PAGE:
Overcoming Parkinson's Anxiety with this Dynamic Duo

After running a Parkinson’s-specialized physical therapy practice for 3+ years, seeing and talking to 1,000s of people diagnosed with PD, I can tell you I recognize a significant pattern: People who are shrouded in anxiety, fear, worry, and stress have the hardest time.

The challenge is that knowing stress is bad for your prognosis only exacerbates the problem. You can’t just “get over it”. So, what can you do when you’re absolutely overwhelmed by stress, anxiety, and fear? The research suggests a powerful Dynamic Duo that may help you calm that crazy mind of yours.

Fatigue and Parkinson’s - 5 Areas to Investigate When You’re Feeling Exhausted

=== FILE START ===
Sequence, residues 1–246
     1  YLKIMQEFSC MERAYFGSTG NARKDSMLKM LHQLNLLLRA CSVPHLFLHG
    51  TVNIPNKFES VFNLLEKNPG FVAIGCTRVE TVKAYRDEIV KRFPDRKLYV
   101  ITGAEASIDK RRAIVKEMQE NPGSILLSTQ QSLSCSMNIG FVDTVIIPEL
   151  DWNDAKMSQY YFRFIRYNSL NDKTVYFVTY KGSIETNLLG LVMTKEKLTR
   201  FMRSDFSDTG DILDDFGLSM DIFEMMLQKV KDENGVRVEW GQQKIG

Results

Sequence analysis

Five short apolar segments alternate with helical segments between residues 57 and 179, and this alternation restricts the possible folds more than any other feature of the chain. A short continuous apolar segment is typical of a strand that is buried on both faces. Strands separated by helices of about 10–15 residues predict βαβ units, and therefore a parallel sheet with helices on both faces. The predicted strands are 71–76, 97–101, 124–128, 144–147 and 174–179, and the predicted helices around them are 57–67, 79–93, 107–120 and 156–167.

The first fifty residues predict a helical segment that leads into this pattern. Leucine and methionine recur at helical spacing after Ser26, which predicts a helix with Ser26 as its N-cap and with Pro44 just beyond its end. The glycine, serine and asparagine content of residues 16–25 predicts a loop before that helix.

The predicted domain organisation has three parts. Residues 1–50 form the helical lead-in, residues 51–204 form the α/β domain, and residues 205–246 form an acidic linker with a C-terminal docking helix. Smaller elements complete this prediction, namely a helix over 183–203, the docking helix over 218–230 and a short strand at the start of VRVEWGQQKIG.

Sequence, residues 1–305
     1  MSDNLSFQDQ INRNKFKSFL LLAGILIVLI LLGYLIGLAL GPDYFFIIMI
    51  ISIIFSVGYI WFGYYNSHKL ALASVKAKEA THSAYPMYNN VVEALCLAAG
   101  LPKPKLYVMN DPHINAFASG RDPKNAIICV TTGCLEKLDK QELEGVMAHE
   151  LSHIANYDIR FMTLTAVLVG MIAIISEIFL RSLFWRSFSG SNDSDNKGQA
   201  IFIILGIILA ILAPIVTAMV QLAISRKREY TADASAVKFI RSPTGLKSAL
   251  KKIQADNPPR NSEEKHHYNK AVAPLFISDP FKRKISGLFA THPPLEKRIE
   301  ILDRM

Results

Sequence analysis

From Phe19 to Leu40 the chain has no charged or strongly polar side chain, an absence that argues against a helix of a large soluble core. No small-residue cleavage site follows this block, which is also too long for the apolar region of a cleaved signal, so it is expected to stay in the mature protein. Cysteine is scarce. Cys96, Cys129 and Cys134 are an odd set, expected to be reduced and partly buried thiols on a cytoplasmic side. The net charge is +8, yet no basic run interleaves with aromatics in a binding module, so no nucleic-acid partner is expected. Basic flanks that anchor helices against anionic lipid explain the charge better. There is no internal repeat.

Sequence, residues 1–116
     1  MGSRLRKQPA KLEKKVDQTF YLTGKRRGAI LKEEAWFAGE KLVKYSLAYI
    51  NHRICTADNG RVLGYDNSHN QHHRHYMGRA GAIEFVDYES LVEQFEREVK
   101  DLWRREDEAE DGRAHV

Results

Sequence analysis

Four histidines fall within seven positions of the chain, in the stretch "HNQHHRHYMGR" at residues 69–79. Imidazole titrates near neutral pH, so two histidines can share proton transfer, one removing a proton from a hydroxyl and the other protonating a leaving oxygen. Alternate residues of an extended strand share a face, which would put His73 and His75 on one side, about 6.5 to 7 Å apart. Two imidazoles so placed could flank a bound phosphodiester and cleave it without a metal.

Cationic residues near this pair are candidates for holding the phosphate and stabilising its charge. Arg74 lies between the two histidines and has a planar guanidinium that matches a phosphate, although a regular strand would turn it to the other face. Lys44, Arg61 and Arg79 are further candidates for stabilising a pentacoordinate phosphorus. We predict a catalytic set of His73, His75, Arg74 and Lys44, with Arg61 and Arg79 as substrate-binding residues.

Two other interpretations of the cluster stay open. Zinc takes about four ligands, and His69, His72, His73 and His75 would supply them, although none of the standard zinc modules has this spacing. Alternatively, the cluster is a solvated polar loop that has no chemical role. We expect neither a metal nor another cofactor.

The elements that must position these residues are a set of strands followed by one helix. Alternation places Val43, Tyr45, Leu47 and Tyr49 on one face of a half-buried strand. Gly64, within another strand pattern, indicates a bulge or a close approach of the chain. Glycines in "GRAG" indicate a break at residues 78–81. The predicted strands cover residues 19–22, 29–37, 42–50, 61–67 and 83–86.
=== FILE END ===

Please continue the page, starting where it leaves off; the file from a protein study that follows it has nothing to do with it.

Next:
Fatigue and Parkinson’s - 5 Areas to Investigate When You’re Feeling Exhausted

Dr. Sarah King, PT, DPT shines the light on Parkinson's fatigue and the 5 areas you can investigate to beat exhaustion and feel more energized throughout the day.

What Should You Expect after being Diagnosed with Parkinson's Disease?


There will be NO doomsday talk here.

I promise.

If you’ve landed on this blog post, it’s very likely you’ve already paid a visit to Dr. Google and the WebMD Wizard.

While well intentioned, those guys can overwhelm very, very quickly. So, I want to let you know that this is a safe space and I promise to avoid any fear mongering or worst-case-scenario prophetising.  

A new diagnosis of Parkinson’s can be overwhelming, and I’m here to offer some practical, powerful information you can use to educate and empower yourself on this new, unfamiliar journey.

I know the urge is strong, but please don’t run away.